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Name Of This Tune?


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#1 Lemon

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Posted 19 June 2005 - 12:13 PM

I've this tune in my mind - guess I've picked it up once. It begins as in the attached jpg or attached wav. Who knows the title, and how it goes on?
Thanks in advance!

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  • unknown_tune2.jpg

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#2 John Wild

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Posted 19 June 2005 - 04:11 PM

I've this tune in my mind - guess I've picked it up once. It begins as in the attached jpg or attached wav. Who knows the title, and how it goes on?
Thanks in advance!

<{POST_SNAPBACK}>


it is an unfamiliar key for the tune (to me!) but it could be the start of O'Carolan's Sheebeg & Shemor. I would have to search for the dots for the whole tune to be sure.

- John Wild

#3 Henk van Aalten

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Posted 19 June 2005 - 04:35 PM

I've this tune in my mind - guess I've picked it up once. It begins as in the attached jpg or attached wav. Who knows the title, and how it goes on?
Thanks in advance!

<{POST_SNAPBACK}>

It reminds me of a song, titled "It was in month of January(?)", sung by June Tabor.

#4 Michael Reid

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Posted 19 June 2005 - 07:12 PM

Looks to me kind of like the opening of "Maguire and Patterson," a waltz by Robbie Overson, recorded by button accordion player Sharon Shannon on her "Out the Gap" album. It starts like this:


K:D
zDF|A3 BA2|A2 G2 F2|E2 D2 E2|F3 A, DF|
A3 BA2|A2 G2 F2|E2 D2 E2|D3 |


#5 Nanette Hooker

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Posted 19 June 2005 - 10:47 PM

It sounds like a tune that I've heard with these words:

Have you heard the story of Gentleman Jim
Somebody threw a tomato at him
Now tomatoes are soft and come in a skin
But this here tomato it came in a tin

Too-ra loo, too-ra lai ....(can't remember the rest)

:D

It was set to a tune of a familiar song (I think), but I can't remember the words of that one.

#6 Lemon

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Posted 20 June 2005 - 05:53 AM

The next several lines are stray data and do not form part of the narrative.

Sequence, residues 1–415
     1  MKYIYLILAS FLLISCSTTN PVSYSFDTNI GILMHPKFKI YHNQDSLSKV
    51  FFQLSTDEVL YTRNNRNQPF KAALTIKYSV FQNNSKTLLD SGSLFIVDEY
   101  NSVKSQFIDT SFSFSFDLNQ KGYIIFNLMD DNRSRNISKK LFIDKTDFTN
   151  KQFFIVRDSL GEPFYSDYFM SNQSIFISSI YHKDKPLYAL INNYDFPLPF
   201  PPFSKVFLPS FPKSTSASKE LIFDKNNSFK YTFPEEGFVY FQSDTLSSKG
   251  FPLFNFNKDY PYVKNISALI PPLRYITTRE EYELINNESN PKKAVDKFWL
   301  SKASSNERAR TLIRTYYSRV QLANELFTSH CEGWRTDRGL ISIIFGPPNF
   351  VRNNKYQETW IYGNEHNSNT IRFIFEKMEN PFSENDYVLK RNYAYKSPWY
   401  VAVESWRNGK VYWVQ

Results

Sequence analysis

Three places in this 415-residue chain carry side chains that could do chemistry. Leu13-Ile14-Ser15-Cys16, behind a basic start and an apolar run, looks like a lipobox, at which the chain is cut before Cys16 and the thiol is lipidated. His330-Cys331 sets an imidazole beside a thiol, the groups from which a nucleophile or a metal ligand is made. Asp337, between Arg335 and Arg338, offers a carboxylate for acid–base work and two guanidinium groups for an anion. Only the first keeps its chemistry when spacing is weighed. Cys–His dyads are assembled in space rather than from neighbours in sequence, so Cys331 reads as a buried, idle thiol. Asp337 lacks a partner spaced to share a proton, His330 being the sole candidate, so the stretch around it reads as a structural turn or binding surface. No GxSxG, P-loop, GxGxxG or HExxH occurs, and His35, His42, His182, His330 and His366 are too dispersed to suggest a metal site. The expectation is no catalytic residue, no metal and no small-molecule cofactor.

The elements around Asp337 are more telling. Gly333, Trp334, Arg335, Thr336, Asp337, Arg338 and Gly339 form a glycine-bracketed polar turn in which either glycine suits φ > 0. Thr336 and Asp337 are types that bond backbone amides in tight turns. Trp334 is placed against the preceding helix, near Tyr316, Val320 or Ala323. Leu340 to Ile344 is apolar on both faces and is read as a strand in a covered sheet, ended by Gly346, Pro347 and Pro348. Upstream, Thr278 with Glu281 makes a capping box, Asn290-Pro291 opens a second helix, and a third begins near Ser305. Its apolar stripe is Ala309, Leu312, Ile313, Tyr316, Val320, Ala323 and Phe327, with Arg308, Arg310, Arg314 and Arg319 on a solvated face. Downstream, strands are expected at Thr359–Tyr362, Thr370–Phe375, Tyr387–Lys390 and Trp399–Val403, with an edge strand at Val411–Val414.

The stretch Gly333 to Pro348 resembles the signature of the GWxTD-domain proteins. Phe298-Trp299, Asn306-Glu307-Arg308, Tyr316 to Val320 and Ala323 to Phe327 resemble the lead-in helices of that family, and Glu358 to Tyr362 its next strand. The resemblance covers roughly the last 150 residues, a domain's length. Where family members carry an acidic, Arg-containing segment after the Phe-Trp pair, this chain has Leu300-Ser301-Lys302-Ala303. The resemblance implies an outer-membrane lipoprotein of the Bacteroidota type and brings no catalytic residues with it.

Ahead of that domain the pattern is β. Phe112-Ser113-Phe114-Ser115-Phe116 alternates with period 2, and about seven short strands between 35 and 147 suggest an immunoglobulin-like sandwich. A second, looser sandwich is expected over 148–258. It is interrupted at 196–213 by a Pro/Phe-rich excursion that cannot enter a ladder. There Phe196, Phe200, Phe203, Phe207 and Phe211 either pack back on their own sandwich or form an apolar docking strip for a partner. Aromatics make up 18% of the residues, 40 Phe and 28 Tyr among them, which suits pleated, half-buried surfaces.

Thank you all for your replies. I can add this:

1. I did a search at www.musipedia.org, using the Parsons code, without result.
2. I found the score of Maguire and Paterson here
It's not the song I have in mind, alas.
3. I tried to find samples of the other named tunes on the Web, without result (yet). So I cannot say whether one of these is indeed the tune I must have heard before.
4. I wrote the tune down in the key of F because I play it in the key of F on my EC. But of course it can be played in another key.
5. I suspect that I've heard before at least the line of the first four bars. However, it's possible that I made up the rest of the tune, as I play it, myself. Hereby the whole tune as I play it.unknown_tune3.jpg

Greetings to you all!

[edited]

Edited by Lemon, 20 June 2005 - 06:05 AM.


#7 RatFace

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Posted 20 June 2005 - 06:03 AM

The first bit you posted is the same as a tune called either Arthur Daley's or the Swedish Jig except you've written it in F not D, and with a Bb (but that not is pretty much a grace note) instead of a natural.

http://www.thesessio...display.php/417

#8 Lemon

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Posted 20 June 2005 - 07:43 AM

The first bit you posted is the same as a tune called either Arthur Daley's or the Swedish Jig except you've written it in F not D, and with a Bb (but that not is pretty much a grace note) instead of a natural.

http://www.thesessio...display.php/417

<{POST_SNAPBACK}>


Ratface, you're right, the beginnings are quite similar. Thanks for the link. Still, I don't think this was my inspiration. I don't think I've heard this tune before, and I don't have it on CD or in a book. I'll put it in my repertoire now, of course.
L

#9 David Barnert

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Posted 20 June 2005 - 10:39 AM

You've written it in 3/4 time, so I suspect you're playing it more like a waltz than a jig. In Waltz time, it reminds me of a song called "The Rivers of Texas" or "Down by the Brazos." It was recorded in the 50s by The Weavers and in the 70s by Bill Staines. Your ditty is very similar to the last line of the verse. Here's a verse (from distant memory, and I've set it in F for consistency):

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#10 Lemon

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Posted 20 June 2005 - 01:26 PM

You've written it in 3/4 time, so I suspect you're playing it more like a waltz than a jig. In Waltz time, it reminds me of a song called "The Rivers of Texas" or "Down by the Brazos." It was recorded in the 50s by The Weavers and in the 70s by Bill Staines. Your ditty is very similar to the last line of the verse. Here's a verse (from distant memory, and I've set it in F for consistency):

<{POST_SNAPBACK}>

Thanks David. Yes, I play it like a slow waltz. And you're right, the endings are quite similar.